The universal practice which painters adopt on the walls of chapels is greatly and reasonably to be condemned. Inasmuch as they represent one historical subject on one level with a landscape and buildings, and then go up a step and paint another, varying the point [of sight], and then a third and a fourth, in such a way as that on one wall there are 4 points of sight, which is supreme folly in such painters. We know that the point of sight is opposite the eye of the spectator of the scene; and if you would [have me] tell you how to represent the life of a saint divided into several pictures on one and the same wall, I answer that you must set out the foreground with its point of sight on a level with the eye of the spectator of the scene, and upon this plane represent the more important part of the story large and then, diminishing by degrees the figures, and the buildings on various hills and open spaces, you can represent all the events of the history. And on the remainder of the wall up to the top put trees, large as compared with the figures, or angels if they are appropriate to the story, or birds or clouds or similar objects; otherwise do not trouble yourself with it for your whole work will be wrong.
A PICTURE OF OBJECTS IN PERSPECTIVE WILL LOOK MORE LIFELIKE WHEN SEEN FROM THE POINT FROM WHICH THE OBJECTS WERE DRAWN.
If you want to represent an object near to you which is to have the effect of nature, it is impossible that your perspective should not look wrong, with every false relation and disagreement of proportion that can be imagined in a wretched work, unless the spectator, when he looks at it, has his eye at the very distance and height and direction where the eye or the point of sight was placed in doing this perspective. Hence it would be necessary to make a window, or rather a hole, of the size of your face through which you can look at the work; and if you do this, beyond all doubt your work, if it is correct as to light and shade, will have the effect of nature; nay you will hardly persuade yourself that those objects are painted; otherwise do not trouble yourself about it, unless indeed you make your view at least 20 times as far off as the greatest width or height of the objects represented, and this will satisfy any spectator placed anywhere opposite to the picture.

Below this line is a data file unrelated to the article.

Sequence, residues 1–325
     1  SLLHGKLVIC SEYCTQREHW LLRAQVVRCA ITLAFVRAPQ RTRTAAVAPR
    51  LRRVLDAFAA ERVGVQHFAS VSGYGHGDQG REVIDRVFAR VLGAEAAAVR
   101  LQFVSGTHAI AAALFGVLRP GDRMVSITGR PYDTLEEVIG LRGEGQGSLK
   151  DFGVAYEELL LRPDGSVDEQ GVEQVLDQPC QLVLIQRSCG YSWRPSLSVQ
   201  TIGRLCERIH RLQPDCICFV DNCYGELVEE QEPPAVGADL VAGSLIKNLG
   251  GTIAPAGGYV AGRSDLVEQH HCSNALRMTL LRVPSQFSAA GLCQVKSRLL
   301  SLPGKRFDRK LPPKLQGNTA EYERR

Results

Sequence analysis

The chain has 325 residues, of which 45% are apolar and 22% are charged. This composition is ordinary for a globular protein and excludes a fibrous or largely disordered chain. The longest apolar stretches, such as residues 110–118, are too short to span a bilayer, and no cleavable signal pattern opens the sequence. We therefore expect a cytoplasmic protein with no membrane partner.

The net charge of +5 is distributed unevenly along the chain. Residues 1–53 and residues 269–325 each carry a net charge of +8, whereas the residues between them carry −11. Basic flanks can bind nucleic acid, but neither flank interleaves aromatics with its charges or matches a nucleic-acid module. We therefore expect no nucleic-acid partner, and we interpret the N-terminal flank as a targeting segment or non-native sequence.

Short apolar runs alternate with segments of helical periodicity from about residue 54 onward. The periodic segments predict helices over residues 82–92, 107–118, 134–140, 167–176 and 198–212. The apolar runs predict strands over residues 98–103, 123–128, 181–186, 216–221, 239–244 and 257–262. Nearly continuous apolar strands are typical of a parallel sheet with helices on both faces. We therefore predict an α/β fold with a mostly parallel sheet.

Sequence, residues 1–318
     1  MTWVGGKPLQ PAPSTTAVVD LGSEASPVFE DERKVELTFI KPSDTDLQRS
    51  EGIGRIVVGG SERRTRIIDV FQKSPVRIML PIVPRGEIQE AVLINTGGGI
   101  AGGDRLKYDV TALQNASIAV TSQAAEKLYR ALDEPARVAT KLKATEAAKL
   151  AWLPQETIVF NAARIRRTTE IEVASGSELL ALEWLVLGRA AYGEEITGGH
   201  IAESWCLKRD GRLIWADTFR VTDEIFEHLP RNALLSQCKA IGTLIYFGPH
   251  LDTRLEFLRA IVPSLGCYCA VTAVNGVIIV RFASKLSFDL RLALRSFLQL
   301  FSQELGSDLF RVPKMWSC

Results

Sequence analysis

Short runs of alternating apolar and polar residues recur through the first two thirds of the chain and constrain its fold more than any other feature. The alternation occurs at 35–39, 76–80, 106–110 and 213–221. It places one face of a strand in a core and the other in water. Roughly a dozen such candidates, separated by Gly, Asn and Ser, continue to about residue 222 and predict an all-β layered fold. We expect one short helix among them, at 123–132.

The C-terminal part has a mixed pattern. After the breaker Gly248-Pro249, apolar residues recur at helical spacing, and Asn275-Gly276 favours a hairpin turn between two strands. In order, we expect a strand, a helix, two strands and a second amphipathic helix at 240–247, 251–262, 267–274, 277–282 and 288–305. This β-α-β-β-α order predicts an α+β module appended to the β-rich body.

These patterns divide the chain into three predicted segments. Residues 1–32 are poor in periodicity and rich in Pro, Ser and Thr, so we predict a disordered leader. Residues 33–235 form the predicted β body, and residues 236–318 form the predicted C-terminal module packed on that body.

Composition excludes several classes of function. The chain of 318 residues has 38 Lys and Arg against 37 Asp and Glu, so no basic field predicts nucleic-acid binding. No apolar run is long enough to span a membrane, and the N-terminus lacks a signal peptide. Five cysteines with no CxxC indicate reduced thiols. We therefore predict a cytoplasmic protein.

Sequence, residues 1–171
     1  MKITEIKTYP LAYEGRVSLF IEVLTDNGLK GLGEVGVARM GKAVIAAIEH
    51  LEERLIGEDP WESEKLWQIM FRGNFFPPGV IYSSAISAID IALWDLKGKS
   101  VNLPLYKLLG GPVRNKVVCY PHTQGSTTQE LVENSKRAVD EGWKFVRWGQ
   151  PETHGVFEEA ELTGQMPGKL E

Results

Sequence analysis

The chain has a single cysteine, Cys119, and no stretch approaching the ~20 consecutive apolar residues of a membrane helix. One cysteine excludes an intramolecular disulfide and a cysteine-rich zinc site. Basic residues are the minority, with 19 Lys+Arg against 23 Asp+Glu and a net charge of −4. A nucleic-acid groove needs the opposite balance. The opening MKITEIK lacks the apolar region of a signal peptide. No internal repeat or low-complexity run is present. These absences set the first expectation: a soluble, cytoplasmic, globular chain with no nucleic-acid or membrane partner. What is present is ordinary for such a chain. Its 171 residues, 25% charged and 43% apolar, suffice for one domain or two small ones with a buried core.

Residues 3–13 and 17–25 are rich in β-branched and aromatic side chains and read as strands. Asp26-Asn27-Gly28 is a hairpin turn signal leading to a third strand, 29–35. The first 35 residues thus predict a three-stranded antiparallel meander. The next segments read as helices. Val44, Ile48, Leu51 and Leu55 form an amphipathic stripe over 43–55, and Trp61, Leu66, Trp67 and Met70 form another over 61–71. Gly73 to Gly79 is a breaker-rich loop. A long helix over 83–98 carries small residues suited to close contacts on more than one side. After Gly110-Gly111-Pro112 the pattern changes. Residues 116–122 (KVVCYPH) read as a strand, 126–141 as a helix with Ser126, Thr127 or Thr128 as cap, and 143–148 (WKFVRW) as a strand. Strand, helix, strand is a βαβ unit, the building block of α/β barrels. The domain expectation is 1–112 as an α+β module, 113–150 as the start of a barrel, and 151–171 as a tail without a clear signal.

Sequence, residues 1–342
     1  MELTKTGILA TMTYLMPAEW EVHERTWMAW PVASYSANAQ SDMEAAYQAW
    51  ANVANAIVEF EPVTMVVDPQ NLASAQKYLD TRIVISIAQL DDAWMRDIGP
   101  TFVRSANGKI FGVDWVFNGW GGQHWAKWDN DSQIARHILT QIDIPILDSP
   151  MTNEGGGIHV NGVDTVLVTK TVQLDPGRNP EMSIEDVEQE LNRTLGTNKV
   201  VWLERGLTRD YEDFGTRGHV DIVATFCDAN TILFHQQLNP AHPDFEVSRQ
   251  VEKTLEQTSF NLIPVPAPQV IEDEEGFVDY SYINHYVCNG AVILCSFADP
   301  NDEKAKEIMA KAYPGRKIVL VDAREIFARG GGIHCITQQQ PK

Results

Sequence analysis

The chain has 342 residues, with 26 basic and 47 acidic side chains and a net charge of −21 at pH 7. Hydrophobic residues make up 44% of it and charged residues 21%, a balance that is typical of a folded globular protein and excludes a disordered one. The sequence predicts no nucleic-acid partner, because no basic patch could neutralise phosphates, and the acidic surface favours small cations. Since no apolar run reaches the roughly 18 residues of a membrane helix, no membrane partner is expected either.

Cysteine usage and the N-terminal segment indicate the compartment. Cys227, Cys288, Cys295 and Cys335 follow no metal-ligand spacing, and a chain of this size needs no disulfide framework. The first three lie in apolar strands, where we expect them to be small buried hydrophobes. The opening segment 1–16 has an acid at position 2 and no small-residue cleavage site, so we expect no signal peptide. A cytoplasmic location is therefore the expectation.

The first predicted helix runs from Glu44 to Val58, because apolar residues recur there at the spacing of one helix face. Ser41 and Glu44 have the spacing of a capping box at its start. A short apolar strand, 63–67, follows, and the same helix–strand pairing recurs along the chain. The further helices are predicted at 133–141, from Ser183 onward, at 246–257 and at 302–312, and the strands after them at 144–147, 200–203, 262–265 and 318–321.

If you want the proof briefly shown, take a piece of wood in the form of a little column, eight times as high as it is thick, like a column without any plinth or capital; then mark off on a flat wall 40 equal spaces, equal to its width so that between them they make 40 columns resembling your little column; you then must fix, opposite the centre space, and at 4 braccia from the wall, a thin strip of iron with a small round hole in the middle about as large as a big pearl. Close to this hole place a light touching it. Then place your column against each mark on the wall and draw the outline of its shadow; afterwards shade it and look through the hole in the iron plate.
[Footnote: In the original there is a wide space between lines 3 and 4 in which we find two sketches not belonging to the text. It is unnecessary to give prominence to the points in which my reading differs from that of M. RAVAISSON or to justify myself, since they are all of secondary importance and can also be immediately verified from the photograph facsimile in his edition.]
A diminished object should be seen from the same distance, height and direction as the point of sight of your eye, or else your knowledge will produce no good effect.
And if you will not, or cannot, act on this principle--because as the plane on which you paint is to be seen by several persons you would need several points of sight which would make it look discordant and wrong--place yourself at a distance of at least 10 times the size of the objects.
The lesser fault you can fall into then, will be that of representing all the objects in the foreground of their proper size, and on whichever side you are standing the objects thus seen will diminish themselves while the spaces between them will have no definite ratio. For, if you place yourself in the middle of a straight row [of objects], and look at several columns arranged in a line you will see, beyond a few columns separated by intervals, that the columns touch; and beyond where they touch they cover each other, till the last column projects but very little beyond the last but one. Thus the spaces between the columns are by degrees entirely lost. So, if your method of perspective is good, it will produce the same effect; this effect results from standing near the line in which the columns are placed. This method is not satisfactory unless the objects seen are viewed from a small hole, in the middle of which is your point of sight; but if you proceed thus your work will